For crucifixion was a death for a slave who rebelled. It was the kind of death enacted against insurgents who followed Spartacus, a slave who staged a failed revolt against the Roman Empire. 

No Roman citizen could be crucified. Crucifixion was reserved for the lowest ranks in society. The cross was a means of capital punishment for bandits, rebels, pirates, and escaped slaves. The cross was certainly not a death befitting a king. If a king had to die a violent death, he should die valiantly in battle. 

But the only enemies against whom Jesus would battle would be unseen to the witness of his crucifixion. For those watching him die, Jesus would seem to be a failure, someone who was crushed on the wheel of Roman justice. He would appear to be just one more crucified slave.

But through his death on the cross, Jesus did conquer, and through his resurrection from the dead, Jesus opened his kingdom to all who believe. This is why Jesus came. This is why he became a slave and died on the cross, to be King of all by first serving all, by dying and rising for them. 

On the road to Jerusalem, Jesus foresaw this. He knew that being covered in his own blood through the gruesome death of crucifixion awaited him. He knew that even now, the cup of suffering was being prepared for Him—a cup full of mocking, spitting, and beating.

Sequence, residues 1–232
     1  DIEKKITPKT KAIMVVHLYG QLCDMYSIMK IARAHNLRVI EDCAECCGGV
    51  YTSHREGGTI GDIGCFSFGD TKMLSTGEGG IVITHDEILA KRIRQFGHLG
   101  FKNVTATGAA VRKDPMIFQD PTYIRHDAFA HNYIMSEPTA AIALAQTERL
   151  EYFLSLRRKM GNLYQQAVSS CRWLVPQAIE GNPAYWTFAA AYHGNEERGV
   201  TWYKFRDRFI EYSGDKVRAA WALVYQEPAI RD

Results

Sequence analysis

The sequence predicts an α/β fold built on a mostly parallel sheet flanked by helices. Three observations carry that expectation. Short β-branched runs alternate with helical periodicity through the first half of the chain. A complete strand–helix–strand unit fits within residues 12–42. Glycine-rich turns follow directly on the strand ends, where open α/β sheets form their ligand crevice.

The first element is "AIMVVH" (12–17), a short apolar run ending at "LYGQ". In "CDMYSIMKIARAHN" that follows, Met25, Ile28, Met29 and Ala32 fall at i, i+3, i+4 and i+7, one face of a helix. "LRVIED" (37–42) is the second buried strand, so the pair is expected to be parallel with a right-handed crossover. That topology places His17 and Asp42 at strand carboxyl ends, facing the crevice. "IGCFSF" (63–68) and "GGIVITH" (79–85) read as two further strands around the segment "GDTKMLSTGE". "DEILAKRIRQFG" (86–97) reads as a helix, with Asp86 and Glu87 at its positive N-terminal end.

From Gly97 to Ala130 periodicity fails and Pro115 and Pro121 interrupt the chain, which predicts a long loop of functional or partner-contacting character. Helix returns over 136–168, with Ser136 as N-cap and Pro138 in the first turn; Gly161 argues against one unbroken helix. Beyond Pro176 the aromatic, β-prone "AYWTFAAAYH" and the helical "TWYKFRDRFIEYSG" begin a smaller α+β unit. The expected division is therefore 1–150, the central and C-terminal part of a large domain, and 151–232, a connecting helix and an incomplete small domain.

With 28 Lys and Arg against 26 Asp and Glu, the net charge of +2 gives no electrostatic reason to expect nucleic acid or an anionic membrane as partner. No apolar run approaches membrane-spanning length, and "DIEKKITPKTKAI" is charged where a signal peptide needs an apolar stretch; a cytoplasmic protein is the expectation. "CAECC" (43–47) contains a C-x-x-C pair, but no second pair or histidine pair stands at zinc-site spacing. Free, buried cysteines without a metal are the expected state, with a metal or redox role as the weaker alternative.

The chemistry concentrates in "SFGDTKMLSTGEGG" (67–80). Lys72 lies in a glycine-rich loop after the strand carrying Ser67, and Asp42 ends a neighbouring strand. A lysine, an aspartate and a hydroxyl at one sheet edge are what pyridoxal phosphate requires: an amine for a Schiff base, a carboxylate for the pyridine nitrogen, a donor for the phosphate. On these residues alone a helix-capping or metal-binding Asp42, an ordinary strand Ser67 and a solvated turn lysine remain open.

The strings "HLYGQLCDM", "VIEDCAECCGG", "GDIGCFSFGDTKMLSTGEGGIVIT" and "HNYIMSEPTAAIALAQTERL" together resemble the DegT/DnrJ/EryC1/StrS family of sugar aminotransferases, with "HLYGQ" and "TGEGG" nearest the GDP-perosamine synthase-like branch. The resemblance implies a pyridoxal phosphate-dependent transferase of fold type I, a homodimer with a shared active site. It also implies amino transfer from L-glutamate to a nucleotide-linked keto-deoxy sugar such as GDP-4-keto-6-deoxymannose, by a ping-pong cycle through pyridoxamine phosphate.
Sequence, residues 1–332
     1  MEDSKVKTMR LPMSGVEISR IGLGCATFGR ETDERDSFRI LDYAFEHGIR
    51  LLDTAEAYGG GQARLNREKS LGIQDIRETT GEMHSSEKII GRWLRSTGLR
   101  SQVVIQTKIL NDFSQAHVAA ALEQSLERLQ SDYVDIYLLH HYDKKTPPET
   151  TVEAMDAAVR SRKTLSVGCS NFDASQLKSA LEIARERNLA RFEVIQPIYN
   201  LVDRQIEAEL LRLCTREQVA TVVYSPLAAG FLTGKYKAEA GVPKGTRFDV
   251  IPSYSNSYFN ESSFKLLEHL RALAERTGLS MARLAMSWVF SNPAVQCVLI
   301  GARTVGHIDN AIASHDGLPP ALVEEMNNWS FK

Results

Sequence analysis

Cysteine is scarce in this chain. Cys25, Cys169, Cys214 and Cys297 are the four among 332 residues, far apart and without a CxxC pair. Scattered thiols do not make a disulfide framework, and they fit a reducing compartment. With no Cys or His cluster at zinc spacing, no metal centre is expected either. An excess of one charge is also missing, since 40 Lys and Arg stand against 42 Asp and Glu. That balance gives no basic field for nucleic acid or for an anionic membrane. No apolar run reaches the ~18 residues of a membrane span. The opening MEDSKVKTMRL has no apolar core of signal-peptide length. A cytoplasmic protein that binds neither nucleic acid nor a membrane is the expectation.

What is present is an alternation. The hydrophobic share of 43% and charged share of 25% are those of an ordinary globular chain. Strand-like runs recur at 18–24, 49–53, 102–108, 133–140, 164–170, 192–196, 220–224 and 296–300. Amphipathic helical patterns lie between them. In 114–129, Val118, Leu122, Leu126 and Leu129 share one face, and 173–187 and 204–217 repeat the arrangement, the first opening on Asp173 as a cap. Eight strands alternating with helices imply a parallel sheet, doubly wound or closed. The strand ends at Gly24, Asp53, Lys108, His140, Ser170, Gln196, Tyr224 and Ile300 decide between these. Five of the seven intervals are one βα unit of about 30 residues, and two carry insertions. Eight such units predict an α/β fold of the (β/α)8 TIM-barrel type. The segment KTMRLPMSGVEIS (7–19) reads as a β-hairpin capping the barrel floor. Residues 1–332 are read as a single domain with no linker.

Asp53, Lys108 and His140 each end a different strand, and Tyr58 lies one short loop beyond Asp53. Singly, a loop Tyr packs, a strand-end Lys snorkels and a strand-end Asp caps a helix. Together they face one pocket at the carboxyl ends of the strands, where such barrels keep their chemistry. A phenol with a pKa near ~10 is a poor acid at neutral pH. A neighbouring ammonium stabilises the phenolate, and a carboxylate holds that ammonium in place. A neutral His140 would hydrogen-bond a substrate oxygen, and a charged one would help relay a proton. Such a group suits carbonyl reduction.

Jesus is the slave of all. He gave his life as a ransom for all—for the first disciples, for Patrick, for the Irish pagans, for all of us, and for those around us who still don’t know him.

Already, the mental, emotional, and spiritual anguish of his approaching suffering and death had begun. Already, Jesus had begun to undergo the sorrow and pain of his passion. For Jesus had begun to walk the road up to the hill of Jerusalem, where a cross was waiting for him, a cross where Jesus would be the slave of all in order to win all for his kingdom.

“The Son of Man came not to be served but to serve.”

Jesus accomplished that service by his sacrificial death for us by dying on the cross in our place. 

Now, we belong to the servant-King Jesus. Now, we belong in the kingdom of the One who served us by giving his life for us. We belong to the One who has ransomed us with his own blood. We belong to the one who has bought us back from sin, death, and the devil.

And now, we get to serve him. Jesus served us, in order that we may serve him in everlasting righteousness, innocence, and blessedness. We serve him by serving others. We serve others by helping them in their daily needs and by bringing them the good news that Jesus, the slave of all, has served them too. 

St. Patrick served the people of Ireland by bringing the good news of the servant Jesus to the pagans of Ireland. For this reason, we remember Patrick as a missionary who served by proclaiming Jesus’ death and resurrection and shepherding the flock of God on the Emerald Isle. 

Jesus is the slave of all. He gave his life as a ransom for all—for the first disciples, for Patrick, for the Irish pagans, for all of us, and for those around us who still don’t know him. Now, we get to serve too. We get to serve those who don’t know Jesus by sharing the grace and love of his servant heart with them, so they too may sit at his right and his left in his kingdom.